On 10 May 2017, the VCDNP, the Permanent Mission of Japan and the Permanent Mission of Kazakhstan held a high-level panel discussion on “Achieving the Entry into Force of the Comprehensive Nuclear-Test-Ban Treaty (CTBT).” The five panelists were: Ambassador Mitsuru Kitano, Permanent Representative of Japan; Ambassador Kairat Sarybay, Permanent Representative of Kazakhstan; Genxin Li, Director of Legal and External Relations, Comprehensive Nuclear-Test-Ban Treaty Organization (CTBTO); and Members of the CTBTO’s Group of Eminent Persons Angela Kane, VCDNP Senior Fellow, and Lord Desmond Browne, Chair of the European Leadership Network and Vice Chairman of the Nuclear Threat Initiative. The discussion was moderated by Laura Rockwood, VCDNP Executive Director, and followed by a question and answer period.
This was one of the last events in which Ambassador Kitano and Ambassador Sarybay will take part as co-coordinators of the CTBT Article XIV Conferences aimed at facilitating the entry into force of the Treaty before the role is taken over this Fall by the governments of Belgium and Iraq. On the occasion of the 2017 Preparatory Committee meeting for the 2020 Review Conference of the Parties to the Treaty on the Non-Proliferation of Nuclear Weapons (NPT) held in Vienna, the Foreign Ministers of Japan and Kazakhstan and Lassina Zerbo, CTBTO Executive Secretary, issued a Joint Appeal deploring North Korea’s nuclear tests and calling for the early entry into force and universalization of the CTBT.
At the 10 May event, both Ambassadors stated that their governments would continue to provide tangible support to this cause given their nuclear legacies. They encouraged the next co-coordinators of the Article XIV Conference to be imaginative in coming up with new ideas to promote the CTBT. Ambassador Sarybay referred to the importance of utilizing movies to communicate the humanitarian impacts of nuclear weapons and recalled the screening of the documentary “Where the Wind Blew,” jointly co-hosted by the VCDNP and the CTBTO on 10 April 2017. Ambassador Kitano stressed that, even though the provisions of the CTBT had become an almost universally recognized norm, the Treaty should not remain “unfinished business.”
The panel discussion followed a closed meeting which took place at the VCDNP before the public event. Daryl G. Kimball, Executive Director of the Arms Control Association, and Gaukhar Mukhatzhanova of the VCDNP presented summaries of the two sessions in the morning meeting. The first session highlighted the need to understand the specific reasons the remaining Annex II States have yet to sign or ratify the CTBT. The second session, devoted to public outreach, emphasized the importance of disarmament and non-proliferation education and the need to involve the youth in both advocacy and analytical work on nuclear weapons issues. The VCDNP, the Permanent Mission of Japan and the Permanent Mission of Kazakhstan have published a more detailed report on the proceedings of these discussions.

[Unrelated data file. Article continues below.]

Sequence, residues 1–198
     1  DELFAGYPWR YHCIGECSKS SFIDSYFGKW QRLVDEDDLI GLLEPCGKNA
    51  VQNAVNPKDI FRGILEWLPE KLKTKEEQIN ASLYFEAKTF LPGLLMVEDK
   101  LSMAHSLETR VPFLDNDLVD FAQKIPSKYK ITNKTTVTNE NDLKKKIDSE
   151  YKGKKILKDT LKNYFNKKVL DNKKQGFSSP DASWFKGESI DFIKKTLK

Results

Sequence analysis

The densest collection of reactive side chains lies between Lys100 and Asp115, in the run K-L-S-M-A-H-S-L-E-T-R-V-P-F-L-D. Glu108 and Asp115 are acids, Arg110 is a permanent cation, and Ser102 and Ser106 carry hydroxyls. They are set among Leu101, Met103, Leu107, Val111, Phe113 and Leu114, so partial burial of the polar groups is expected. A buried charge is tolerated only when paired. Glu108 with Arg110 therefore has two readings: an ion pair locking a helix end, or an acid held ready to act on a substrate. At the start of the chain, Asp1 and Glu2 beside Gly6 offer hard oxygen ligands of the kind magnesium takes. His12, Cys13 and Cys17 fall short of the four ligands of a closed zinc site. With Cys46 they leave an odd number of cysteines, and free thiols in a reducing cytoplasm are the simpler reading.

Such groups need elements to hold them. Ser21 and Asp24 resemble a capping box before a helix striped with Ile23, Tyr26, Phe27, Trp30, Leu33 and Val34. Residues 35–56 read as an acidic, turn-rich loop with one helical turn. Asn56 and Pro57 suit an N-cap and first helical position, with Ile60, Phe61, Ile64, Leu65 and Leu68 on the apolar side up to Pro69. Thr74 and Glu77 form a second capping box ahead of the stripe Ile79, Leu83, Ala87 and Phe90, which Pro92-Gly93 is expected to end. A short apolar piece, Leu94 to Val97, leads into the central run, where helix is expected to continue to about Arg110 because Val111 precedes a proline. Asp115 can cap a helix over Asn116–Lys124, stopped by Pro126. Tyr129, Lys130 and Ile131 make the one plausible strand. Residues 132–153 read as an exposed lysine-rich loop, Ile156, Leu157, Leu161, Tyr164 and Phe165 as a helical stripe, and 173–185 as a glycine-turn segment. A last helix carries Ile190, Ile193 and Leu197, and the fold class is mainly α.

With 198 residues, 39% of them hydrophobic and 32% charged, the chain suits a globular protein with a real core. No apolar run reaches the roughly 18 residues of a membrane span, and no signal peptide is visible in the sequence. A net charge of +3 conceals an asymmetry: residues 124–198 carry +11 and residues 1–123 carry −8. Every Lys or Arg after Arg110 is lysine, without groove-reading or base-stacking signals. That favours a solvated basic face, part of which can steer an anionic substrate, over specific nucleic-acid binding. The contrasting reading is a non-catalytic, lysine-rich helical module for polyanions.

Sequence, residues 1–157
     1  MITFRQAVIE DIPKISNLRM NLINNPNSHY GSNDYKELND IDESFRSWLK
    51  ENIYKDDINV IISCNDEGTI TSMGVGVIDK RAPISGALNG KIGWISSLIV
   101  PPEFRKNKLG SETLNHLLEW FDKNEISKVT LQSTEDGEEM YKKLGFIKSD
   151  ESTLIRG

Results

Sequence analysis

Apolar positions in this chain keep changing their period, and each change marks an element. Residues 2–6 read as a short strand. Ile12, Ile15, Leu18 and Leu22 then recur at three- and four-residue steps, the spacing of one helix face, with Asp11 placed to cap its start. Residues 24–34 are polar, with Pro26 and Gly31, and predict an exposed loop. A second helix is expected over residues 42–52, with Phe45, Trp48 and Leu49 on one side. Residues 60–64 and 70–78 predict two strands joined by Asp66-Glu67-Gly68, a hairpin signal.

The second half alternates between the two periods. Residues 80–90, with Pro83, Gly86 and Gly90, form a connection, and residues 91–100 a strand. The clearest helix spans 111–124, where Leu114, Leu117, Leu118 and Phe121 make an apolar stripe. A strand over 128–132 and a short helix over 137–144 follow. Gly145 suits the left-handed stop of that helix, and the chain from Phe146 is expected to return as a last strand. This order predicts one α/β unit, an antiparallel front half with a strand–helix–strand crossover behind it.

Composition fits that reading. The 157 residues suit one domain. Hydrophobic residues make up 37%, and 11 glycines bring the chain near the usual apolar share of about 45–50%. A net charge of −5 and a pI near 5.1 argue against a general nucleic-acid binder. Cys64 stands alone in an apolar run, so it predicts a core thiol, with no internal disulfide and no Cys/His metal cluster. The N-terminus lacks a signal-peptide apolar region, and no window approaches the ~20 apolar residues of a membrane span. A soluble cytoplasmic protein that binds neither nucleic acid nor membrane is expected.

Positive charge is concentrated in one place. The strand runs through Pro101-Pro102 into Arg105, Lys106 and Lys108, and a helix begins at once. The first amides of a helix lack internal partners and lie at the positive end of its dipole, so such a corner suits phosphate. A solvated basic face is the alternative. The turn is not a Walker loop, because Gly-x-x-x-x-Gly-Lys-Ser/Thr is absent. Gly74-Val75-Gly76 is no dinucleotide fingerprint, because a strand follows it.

Mr. Li described the work of the CTBTO’s International Monitoring System (IMS) and International Data Centre. He recalled that achieving a global prohibition on testing had been an objective of the international community since the dawn of the nuclear age. The CTBTO has not only proven its ability to conduct on-site inspections through its field trials, but has also provided data with numerous scientific applications in other areas, such as earthquake and tsunami detection and radionuclide dispersion tracking. Ms. Kane appealed to the non-ratifying Annex II States not to wait for each other to act, and pointed out that China, which lately appeared more willing to act independently, might be the one to take the lead in ratifying the CTBT. According to Ms. Kane, the international community should take advantage of every opportunity to promote the cause of the CTBT. She stressed the contribution that could be made by the younger generation in organizing meetings to help raise awareness. Lord Browne expressed his concern about the current generation of politicians, who, in his view, have little or no knowledge about nuclear weapons. As a GEM member, he intended to focus his efforts on Europe and the Organization for Security and Cooperation in Europe, an organization whose members are all party to the CTBT with a view to encouraging them to talk to their capitals about what they were doing to promote the entry into force of the CTBT to increase pressure on those that have not. He would encourage them to recall the reasons their governments had decided to join the CTBT in the first place, to re-ignite the conversation that led to their ratification of the Treaty and use this dialogue to put pressure on the remaining Annex II States.
During the question and answer period, the activities of the CTBTO Youth Group were highlighted along with the need for the CTBT State signatories to take more concrete action in promoting the Treaty’s entry into force. Much attention was paid to innovative ways to educate the public by, for example, connecting students around the world and creating easily accessible online modules. In conclusion, Ambassador Kitano emphasized that the CTBT should not be viewed as a black and white issue, highlighting there are many steps that States can take to promote its entry into force, such as building stations to complete the IMS and sending data to the IDC. These actions can also be seen as confidence-building measures that could help alleviate regional tensions that are currently hindering progress towards the entry into force of the CTBT.